Cloak and Dagger eventually got a mini-series of their own, by Mantlo with the amazing Rick Leonardi, and the equally amazing Terry Austin on art duties.  (Rick Leonardi is one of the best artists of his generation, but doesn’t seem to be remembered as much as his contemporaries.)  This mini-series expanded upon the light and dark motif of the characters, establishing that Cloak needs to consume living light to counterbalance the darkness within him.  Normally, Dagger’s light knives could satisfy him, but it was becoming increasingly more difficult to quench his hunger.  Cloak would have to constantly struggle against his desire to steal the life force from other human beings, killing them in the process.  With Dagger on the verge of extinguishing the light within herself to keep him from feeding upon criminals and innocent homeless people, Cloak makes the heroic decision to return all her light to her, saving her and leaving him to struggle with and overcome his constant hunger.

The series also further revealed the back-story of Cloak and Dagger.  Dagger was formerly Tandy Bowen, a spoiled rich teenager unhappy with her new step-dad and absent mother.  After a boy breaks her heart (it’s implied that he uses her for sex and then dumps her) she runs away to New York on her own.  Tyrone Johnson is a talented basketball player from South Boston, with a terrible stutter.  Ty and his best friend Billy witness a murder/robbery, and Billy is shot by a cop as he attempts to flee the scene in fear.  Ty blames himself, and his stutter, for not being able to explain to the cops quickly enough that Billy was not the murderer.  He then also runs away to New York, where he meets Tandy and they become friends.  Soon after that, they’re kidnapped and forced into participating in the deadly experiment that would give them their powers.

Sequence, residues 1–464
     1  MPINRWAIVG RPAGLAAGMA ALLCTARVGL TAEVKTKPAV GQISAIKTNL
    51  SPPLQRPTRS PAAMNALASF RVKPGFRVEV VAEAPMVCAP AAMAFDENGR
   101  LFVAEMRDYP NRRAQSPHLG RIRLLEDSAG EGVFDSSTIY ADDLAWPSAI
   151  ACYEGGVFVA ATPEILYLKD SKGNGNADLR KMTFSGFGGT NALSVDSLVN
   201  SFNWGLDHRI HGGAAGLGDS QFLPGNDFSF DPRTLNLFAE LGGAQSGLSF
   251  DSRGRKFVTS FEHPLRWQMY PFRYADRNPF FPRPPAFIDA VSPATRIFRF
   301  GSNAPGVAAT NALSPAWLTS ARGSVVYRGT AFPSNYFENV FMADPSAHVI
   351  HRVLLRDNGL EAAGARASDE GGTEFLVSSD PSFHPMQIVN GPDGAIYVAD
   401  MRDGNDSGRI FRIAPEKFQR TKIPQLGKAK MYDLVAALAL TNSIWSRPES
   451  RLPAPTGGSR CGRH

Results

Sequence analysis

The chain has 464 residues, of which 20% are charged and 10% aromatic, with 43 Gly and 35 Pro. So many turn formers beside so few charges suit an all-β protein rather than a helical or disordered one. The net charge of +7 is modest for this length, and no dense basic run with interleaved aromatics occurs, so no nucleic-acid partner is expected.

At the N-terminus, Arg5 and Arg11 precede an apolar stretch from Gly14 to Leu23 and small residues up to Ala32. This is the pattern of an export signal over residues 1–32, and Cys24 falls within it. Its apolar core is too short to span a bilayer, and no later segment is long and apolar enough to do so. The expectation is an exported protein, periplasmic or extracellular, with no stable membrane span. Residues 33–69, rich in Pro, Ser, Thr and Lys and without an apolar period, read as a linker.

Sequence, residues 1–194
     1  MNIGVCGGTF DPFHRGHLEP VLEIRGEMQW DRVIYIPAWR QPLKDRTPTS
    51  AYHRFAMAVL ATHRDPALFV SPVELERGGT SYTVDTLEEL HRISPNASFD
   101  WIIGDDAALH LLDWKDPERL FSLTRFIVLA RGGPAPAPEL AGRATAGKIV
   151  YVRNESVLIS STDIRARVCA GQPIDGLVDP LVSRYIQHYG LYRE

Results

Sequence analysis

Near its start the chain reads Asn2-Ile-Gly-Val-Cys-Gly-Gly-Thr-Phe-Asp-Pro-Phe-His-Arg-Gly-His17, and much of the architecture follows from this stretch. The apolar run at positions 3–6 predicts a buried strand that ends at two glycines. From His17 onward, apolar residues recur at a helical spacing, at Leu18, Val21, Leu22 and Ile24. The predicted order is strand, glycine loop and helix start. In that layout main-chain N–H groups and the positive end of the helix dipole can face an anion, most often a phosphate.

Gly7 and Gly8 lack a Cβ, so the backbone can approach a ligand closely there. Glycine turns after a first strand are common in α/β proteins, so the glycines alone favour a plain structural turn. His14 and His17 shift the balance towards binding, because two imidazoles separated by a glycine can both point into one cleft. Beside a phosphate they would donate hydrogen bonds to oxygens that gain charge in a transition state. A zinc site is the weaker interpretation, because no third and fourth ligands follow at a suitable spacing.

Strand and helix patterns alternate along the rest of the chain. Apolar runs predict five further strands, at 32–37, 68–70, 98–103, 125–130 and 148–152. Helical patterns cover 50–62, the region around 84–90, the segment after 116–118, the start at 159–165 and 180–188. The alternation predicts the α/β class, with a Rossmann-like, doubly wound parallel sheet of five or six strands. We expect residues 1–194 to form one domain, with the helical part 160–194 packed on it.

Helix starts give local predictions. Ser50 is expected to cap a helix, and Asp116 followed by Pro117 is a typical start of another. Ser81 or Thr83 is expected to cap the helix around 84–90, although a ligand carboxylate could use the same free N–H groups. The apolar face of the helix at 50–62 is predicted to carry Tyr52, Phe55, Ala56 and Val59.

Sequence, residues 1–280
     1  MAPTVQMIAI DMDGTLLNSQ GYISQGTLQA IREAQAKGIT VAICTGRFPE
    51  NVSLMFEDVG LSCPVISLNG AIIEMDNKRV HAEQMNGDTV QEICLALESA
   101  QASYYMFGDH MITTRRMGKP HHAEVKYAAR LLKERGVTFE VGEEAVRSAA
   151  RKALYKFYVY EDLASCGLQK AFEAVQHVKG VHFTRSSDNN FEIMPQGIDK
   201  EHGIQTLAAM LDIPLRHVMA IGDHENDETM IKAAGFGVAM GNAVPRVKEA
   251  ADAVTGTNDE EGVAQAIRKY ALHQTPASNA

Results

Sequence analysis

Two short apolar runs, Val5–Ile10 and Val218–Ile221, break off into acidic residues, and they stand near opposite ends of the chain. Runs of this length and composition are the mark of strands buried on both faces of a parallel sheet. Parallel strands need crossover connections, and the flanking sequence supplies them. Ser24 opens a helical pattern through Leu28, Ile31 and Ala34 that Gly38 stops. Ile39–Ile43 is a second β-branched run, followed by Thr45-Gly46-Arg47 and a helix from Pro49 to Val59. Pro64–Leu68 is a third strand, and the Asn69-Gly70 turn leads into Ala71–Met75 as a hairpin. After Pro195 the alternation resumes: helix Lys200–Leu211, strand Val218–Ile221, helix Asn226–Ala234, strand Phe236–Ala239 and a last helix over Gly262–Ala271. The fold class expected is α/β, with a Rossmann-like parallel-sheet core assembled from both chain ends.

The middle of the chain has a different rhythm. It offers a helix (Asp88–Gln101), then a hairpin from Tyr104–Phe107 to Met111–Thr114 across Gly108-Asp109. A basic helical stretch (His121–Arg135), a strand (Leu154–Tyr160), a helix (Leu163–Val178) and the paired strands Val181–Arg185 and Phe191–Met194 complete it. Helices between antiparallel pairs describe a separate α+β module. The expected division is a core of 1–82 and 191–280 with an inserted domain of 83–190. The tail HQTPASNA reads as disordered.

Apparently the mini-series was a success, because they got their own ongoing comic series shortly after.  This series would amazingly feature a virtual murderer’s row of soon-to-be superstar ‘80s artists.  The majority of the short-lived series would be penciled by the aforementioned Rick Leonardi, but he would leave after the sixth issue.

The seventh issue was penciled by Marc Silvestri.

Followed in the very next issue by future Hellboy legend Mike Mignola.

Not to be outdone by that back-to-back tandem, the issue after that was penciled by superstar Art Adams.

Finally, Bret Blevins would pencil the tenth issue of the series, in which Cloak and Dagger meet Marvel’s greatest villain, Dr. Doom.

Leonardi, Silvestri, Mignola, Adams, and Blevins is an unbelievable roster of talented artists.  Unfortunately, the stories don’t match the quality of the art, as Cloak and Dagger leave New York trying to find a purpose in the world.  The series took them too far away from the streets of New York, with their simple but appealing concept as defenders of innocent kids and soldiers in the war on drugs.

The series would be cancelled after the eleventh issue, but the duo would continue to appear in anthology series like Strange Tales and Marvel Fanfare, as well as the occasional appearance in Spider-Man’s comics.

With the duo about to make their transition into television with the new show on the Freeform network, now is the perfect time to dig out some Cloak and Dagger back issues or purchase the trade paperback collections of all these surprisingly wonderful stories, with some of the best art you’ll find in ‘80s comics.

While you’re at it, feel free to donate money to help with Bill Mantlo’s medical costs at https://www.billmantlo.com.  Bill needs all the help he can get after a car hit him while rollerblading in 1992.  With all the joy he has given us, and continues to give us, it’s the least we can do.

1 comment:

gtm480 said...

Mignola seemed to work with Bill Mantlo a lot I. His early career at marvel. Hulk, rocket raccoon, alpha flight, and that c&d issue which I wasn't aware of. I also didn't know Art Adams drew an issue of the series. Thanks!